News

 

What Does Business Think About California?

OCBC President and CEO Lucy Dunn spoke as the keynote Friday at the “Governing California – A Symposium on Solutions for the 21st Century,” held by Concordia University’s Center for Public Policy. Dunn shared with guests the business community’s perspective on issues and governance in California, highlighting the vast disconnect between business and government that is a roadblock to economic growth from San Francisco to San Diego.

“Business is intrigued by California, but recently have been subject to a lot of mixed messages,” Dunn said. “Over the past many decades, business and economic development just presumed to grow and there didn’t seem to be any concerted effort or thought on how that was happening. Then the rules and regulations piled on.”

California continues to rank near the bottom of business-friendly states in the country, with many other states actively recruiting and advertising relocation opportunities to California’s businesses. Fixing the state’s problems requires a three-pronged approach: funding, reforms, and innovations. However, government and business are not on the same page when it comes to economic growth, jobs creation or reform. When businesses grow, they create jobs, in turn increasing tax revenues to the state, and all ships rise.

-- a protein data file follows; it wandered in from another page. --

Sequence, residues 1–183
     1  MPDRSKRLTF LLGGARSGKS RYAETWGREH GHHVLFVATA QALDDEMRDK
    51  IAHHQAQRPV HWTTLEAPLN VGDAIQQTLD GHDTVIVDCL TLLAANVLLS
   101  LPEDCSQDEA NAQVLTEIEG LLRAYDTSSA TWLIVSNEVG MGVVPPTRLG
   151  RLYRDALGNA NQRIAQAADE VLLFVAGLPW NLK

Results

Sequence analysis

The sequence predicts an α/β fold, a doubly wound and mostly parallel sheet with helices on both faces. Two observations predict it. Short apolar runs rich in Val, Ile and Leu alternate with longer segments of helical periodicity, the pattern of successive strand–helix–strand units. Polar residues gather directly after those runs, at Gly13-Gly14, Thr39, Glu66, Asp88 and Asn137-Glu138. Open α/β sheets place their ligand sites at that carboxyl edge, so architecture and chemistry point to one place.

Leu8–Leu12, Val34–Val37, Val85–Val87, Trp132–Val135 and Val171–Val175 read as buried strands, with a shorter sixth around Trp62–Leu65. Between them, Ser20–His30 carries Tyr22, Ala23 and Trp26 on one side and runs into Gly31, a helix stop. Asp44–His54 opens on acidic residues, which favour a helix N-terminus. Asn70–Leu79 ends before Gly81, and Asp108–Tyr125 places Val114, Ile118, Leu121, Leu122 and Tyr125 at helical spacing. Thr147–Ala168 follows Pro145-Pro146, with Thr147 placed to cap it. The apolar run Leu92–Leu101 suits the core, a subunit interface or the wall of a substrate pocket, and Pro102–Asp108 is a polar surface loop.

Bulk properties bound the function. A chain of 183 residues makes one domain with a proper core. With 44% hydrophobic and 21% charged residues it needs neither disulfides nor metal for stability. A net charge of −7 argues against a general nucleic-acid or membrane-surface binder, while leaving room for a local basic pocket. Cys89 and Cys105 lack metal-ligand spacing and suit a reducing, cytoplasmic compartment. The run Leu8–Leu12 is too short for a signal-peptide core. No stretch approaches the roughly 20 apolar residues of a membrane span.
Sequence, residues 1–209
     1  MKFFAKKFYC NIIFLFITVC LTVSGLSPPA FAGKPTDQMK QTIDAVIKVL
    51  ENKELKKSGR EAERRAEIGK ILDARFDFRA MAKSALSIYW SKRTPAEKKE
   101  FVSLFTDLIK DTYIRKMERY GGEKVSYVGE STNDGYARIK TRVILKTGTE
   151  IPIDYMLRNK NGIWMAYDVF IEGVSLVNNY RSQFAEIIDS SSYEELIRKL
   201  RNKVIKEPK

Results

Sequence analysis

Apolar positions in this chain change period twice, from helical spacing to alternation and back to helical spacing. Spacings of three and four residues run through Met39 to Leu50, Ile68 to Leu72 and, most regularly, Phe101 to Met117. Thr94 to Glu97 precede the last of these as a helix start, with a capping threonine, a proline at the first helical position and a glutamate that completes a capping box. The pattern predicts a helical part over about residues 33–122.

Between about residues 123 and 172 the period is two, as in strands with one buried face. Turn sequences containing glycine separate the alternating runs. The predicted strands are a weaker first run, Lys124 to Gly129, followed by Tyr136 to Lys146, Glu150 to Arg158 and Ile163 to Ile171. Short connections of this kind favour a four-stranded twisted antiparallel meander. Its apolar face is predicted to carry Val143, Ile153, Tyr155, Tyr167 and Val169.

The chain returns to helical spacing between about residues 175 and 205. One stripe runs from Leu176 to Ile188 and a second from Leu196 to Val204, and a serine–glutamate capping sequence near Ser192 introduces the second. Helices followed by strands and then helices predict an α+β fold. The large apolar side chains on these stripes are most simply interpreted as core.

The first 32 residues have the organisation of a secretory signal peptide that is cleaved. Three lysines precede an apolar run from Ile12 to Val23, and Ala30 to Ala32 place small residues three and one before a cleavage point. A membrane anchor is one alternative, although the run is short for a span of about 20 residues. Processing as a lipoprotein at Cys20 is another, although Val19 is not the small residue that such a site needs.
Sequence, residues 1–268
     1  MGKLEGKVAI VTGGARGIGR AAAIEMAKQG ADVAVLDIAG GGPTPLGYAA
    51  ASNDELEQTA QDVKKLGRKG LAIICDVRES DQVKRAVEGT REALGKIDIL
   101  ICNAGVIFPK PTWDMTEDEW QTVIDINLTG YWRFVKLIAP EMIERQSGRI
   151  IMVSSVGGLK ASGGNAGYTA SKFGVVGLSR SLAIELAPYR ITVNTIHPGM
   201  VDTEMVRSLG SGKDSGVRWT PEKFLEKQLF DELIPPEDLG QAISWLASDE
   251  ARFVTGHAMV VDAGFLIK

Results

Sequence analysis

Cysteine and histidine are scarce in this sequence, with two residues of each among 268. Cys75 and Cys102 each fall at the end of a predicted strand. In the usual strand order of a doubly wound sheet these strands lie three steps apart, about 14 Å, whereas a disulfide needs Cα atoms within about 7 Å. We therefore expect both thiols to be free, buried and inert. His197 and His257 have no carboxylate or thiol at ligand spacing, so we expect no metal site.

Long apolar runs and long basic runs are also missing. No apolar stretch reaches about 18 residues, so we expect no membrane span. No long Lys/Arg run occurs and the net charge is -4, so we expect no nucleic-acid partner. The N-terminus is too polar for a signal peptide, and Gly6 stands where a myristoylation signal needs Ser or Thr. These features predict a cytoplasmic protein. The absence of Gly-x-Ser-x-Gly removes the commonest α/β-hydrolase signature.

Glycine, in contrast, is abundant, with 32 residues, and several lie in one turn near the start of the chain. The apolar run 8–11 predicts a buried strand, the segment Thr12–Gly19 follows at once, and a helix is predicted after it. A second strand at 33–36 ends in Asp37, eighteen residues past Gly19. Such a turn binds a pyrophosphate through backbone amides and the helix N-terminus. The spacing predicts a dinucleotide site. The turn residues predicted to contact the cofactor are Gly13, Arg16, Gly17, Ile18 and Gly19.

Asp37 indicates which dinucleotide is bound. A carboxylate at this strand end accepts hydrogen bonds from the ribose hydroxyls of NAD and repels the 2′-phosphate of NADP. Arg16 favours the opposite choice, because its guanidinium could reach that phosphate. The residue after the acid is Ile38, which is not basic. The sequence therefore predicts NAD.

Throughout the symposium, hosted by Keith Curry, Director of the Concordia University Center for Public Policy and former mayor of Newport Beach, panelists discussed the events that led the state to where it is now, and proposed solutions to fix California. Panelists included Marian Bergeson, former California State Secretary of Education and Senator; Curt Pringle, former Assembly Member and Mayor of Anaheim; Bill Campbell, Orange County Supervisor; and Rick Reiff, host and executive producer of PBS So Cal. For more information contact Katherine Reedy, Director of Communications.


Posted on July 31, 2012

President's Blog

Latest tweets

  • Loading tweets...

OCBC eNewsletter

Name:

Email:

Type the characters you see in the picture below (this prevents automated spam submissions):

captcha